Researching the archives for priests transferred frequently they are shocked to come up with 87 names. Sipes was accurate. With the help of Boston Globe Special Investigator Steve Kurkjian (Amoroso) and a judge’s ruling, the teams manages to secure previously sealed evidence documents that sets them on a course to uncover a horror more frightening than a Stephen King novel.
Spotlight is a deeply disturbing movie, well acted, and equally well directed. Michael Keaton is splendid as the leader of what appears to be an impossible mission at first. Mark Ruffalo is excellent as the fighter for truth and justice. He’s livid when he hears that the article has to be delayed (for good reason, as 9/11 happened and took precedence). Rachel McAdams is just as tough a reporter as Mark, but is able to put a softer touch to her interviews. A truly creepy performance is given by Richard O’Rourke, who is briefly seen as Father Ronald Paquin, one of the accused. We even see Paul Guilfoyle as the principal of a school where several abuses occurred.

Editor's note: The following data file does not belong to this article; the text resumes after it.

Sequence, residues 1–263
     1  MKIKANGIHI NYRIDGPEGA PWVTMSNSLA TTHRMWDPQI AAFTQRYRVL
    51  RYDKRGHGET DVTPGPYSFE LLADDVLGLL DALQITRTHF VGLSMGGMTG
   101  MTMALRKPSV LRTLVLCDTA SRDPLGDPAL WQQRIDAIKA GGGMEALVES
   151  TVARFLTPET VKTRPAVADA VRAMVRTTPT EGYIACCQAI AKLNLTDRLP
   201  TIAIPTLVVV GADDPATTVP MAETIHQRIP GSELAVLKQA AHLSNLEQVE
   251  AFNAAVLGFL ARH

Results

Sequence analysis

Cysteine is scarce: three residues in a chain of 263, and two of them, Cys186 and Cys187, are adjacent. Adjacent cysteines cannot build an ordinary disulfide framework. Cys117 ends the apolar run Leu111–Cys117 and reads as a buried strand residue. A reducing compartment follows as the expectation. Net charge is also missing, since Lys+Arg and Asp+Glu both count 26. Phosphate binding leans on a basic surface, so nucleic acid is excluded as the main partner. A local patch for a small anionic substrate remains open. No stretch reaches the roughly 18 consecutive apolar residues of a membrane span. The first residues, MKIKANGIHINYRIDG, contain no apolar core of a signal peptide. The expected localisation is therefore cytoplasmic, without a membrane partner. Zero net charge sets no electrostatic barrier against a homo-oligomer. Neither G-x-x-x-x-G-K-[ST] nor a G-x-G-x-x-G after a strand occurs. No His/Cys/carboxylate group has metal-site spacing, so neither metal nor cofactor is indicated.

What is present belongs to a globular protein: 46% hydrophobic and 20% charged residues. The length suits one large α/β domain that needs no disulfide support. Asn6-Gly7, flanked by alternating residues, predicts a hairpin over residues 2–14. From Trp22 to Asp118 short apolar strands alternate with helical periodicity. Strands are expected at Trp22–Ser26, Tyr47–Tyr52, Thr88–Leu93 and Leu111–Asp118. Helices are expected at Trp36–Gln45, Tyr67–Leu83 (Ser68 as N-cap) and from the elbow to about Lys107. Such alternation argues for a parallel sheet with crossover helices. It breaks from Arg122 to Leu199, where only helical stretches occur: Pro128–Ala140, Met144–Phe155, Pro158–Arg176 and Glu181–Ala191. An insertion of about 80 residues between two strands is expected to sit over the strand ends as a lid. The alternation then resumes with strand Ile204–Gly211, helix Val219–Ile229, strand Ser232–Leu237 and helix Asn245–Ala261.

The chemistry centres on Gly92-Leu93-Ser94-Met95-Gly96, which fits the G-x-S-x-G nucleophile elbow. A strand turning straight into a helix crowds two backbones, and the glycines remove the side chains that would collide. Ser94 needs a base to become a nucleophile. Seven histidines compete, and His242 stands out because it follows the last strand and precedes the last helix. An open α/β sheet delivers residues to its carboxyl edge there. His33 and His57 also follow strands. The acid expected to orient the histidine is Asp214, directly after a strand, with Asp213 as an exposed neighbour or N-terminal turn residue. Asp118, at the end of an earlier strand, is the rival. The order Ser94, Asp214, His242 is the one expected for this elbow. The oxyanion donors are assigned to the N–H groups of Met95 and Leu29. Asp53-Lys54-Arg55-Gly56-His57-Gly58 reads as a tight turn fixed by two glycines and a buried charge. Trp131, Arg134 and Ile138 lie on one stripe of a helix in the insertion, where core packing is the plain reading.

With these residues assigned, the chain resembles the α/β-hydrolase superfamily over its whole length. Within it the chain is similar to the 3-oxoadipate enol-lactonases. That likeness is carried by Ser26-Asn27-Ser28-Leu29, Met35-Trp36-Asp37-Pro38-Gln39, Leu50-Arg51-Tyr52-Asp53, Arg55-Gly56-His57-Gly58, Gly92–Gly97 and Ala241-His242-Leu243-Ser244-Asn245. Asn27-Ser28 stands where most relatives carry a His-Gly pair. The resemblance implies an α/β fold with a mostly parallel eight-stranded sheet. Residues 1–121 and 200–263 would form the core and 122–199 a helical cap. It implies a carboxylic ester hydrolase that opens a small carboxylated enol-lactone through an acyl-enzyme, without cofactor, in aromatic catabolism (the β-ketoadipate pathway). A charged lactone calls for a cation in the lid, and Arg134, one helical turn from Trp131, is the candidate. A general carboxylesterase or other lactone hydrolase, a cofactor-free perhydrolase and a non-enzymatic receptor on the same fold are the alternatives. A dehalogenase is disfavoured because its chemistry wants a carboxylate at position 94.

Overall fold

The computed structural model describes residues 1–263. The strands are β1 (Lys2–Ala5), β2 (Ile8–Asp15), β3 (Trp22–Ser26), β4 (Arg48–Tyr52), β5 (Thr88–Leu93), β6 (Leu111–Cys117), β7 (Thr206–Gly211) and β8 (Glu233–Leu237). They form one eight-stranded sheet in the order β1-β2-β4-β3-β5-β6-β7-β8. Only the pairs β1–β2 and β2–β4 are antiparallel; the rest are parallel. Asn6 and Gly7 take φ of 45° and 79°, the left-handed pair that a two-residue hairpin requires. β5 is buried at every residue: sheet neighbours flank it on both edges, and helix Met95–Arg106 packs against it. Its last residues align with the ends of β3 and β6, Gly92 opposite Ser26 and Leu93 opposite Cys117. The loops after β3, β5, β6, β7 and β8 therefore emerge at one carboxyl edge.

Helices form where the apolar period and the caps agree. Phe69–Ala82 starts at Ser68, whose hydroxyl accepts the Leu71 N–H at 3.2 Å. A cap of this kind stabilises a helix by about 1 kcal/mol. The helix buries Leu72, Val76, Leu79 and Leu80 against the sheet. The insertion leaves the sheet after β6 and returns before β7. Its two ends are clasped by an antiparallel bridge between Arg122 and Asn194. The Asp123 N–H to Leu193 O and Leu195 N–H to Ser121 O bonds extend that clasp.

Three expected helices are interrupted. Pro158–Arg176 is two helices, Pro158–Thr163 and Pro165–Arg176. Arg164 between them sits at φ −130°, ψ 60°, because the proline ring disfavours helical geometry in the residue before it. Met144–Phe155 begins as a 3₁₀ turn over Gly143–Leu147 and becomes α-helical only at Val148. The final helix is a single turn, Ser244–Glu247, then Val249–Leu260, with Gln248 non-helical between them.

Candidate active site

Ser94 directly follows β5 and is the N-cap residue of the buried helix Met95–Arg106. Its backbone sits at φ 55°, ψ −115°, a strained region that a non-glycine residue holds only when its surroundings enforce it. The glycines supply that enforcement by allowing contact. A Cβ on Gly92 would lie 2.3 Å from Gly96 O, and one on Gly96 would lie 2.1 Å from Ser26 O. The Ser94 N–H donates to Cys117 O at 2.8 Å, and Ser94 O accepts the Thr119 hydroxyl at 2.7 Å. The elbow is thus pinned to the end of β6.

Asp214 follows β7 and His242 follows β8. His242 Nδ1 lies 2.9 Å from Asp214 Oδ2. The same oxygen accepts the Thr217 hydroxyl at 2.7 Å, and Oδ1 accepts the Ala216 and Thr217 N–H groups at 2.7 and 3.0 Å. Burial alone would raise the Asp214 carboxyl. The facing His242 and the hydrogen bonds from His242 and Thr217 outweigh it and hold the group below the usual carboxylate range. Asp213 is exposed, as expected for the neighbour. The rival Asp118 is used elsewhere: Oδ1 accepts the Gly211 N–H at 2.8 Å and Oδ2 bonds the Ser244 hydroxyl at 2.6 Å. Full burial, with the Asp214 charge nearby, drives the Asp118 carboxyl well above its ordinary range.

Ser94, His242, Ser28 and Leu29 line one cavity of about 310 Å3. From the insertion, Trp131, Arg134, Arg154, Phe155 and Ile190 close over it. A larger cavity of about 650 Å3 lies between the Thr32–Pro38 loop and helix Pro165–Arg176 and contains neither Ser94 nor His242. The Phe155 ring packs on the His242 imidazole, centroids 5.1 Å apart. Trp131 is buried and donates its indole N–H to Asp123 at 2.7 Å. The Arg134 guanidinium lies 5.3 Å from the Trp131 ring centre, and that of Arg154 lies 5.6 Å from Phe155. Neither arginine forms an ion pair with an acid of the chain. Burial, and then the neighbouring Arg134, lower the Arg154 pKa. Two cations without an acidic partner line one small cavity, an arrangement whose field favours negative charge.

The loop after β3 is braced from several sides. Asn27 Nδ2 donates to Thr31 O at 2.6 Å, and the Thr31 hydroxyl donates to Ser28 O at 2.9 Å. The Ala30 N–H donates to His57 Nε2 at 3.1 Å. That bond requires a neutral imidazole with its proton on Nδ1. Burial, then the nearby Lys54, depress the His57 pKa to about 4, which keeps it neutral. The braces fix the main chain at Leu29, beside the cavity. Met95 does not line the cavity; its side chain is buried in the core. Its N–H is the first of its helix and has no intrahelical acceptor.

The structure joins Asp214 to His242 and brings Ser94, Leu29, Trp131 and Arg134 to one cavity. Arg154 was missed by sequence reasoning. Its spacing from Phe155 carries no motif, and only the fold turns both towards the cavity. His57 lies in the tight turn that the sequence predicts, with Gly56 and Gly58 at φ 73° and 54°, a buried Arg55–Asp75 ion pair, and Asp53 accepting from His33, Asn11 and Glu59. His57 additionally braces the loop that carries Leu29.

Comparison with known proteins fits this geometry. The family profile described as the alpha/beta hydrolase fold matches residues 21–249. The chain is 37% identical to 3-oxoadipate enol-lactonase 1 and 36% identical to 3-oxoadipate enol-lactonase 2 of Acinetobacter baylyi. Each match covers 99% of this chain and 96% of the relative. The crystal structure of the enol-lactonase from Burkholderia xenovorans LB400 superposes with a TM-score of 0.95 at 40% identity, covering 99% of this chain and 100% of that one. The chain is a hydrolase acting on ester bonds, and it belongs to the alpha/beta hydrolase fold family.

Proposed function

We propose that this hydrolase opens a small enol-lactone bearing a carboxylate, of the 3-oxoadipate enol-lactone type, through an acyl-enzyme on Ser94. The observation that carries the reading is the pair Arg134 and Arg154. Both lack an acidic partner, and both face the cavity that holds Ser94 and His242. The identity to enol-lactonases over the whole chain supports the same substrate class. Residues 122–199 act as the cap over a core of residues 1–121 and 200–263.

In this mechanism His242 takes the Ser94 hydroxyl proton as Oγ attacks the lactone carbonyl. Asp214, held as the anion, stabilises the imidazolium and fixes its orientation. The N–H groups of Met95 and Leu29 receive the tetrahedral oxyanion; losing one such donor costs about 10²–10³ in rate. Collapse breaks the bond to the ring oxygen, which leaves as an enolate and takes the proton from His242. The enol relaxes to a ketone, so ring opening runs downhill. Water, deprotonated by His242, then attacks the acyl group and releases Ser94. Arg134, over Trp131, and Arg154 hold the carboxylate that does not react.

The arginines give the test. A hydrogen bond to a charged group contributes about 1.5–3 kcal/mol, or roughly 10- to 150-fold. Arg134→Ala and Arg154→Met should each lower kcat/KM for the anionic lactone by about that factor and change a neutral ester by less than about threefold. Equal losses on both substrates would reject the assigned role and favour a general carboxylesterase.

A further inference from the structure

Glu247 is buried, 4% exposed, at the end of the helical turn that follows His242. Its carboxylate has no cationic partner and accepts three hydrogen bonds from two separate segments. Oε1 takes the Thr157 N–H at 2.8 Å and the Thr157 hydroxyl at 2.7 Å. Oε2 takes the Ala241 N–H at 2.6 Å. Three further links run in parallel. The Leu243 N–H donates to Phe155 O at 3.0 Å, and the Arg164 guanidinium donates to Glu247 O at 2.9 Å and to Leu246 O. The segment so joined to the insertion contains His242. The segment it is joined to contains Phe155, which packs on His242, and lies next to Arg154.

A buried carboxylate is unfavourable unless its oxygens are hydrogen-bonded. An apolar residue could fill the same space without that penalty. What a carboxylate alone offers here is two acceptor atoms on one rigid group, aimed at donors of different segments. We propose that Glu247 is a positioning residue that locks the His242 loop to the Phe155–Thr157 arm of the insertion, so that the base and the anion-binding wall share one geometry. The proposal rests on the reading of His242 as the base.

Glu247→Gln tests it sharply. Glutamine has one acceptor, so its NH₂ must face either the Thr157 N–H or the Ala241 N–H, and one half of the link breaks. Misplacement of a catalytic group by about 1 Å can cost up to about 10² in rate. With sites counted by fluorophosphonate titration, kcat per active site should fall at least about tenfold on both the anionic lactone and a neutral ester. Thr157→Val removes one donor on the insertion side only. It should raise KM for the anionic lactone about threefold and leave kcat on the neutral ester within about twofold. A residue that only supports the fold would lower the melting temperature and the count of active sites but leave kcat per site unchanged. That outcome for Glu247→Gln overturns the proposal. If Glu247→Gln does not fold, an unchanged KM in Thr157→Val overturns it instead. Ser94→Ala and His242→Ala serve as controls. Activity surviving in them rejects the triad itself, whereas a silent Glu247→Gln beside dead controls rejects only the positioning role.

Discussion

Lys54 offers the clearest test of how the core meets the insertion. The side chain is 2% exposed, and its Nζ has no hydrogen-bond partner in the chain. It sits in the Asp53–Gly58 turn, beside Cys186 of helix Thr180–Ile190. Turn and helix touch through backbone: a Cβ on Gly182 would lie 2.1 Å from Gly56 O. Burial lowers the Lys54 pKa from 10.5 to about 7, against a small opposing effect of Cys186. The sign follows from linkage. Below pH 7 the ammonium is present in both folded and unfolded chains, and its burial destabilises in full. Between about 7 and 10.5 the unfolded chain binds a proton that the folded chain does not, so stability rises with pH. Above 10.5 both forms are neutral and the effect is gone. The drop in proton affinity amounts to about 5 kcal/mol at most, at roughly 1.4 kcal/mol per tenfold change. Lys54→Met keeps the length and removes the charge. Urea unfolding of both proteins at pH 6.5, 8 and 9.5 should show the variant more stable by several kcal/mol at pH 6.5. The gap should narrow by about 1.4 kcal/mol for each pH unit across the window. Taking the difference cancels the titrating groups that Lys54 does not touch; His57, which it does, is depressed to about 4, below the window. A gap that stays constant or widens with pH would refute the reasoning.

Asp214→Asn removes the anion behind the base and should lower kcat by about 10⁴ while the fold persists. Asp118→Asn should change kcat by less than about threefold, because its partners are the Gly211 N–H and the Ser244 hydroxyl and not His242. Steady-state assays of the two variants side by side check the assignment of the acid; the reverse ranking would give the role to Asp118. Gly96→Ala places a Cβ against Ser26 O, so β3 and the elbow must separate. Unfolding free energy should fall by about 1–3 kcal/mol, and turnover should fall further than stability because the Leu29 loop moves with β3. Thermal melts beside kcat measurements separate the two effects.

Knowing the plot ahead of time did not prepare me for the scope of the problem described in detail before the closing credits. The Best Picture Oscar for 2015 was well deserved, proving what I’ve always known: truth is stranger (and scarier) than fiction.
Rating: 4½ out of 5 Martini glasses.
344 W. 52nd St., New York
What do you think of when you hear “Bamboo 52?” I had my trepidations about dining in a restaurant with a rhyming name, especially when it serves a dish that requires expert handling like sushi.
Looking down 52nd Street from 8th Avenue, I could not see any evidence of any restaurants. Halfway down the block, I saw a Kelly green sign winking from under a scaffolding. Closer, the words “Bamboo 52” were visible on the green background. There was also a small green awning over the glass-fronted entrance. Inside was a din of rock music and very lively conversation, with the bar to the left, and the Captain’s Station immediately to the right.
A young lady took my reservation and led me to a high table just beyond the bar. I normally demur at sitting perched on a stool, but this one had a high back, which made it suitable; definitely better than the stools at the sushi bar in back or those at the regular bar, and infinitely better than the backless hassocks upon which some young people were seated.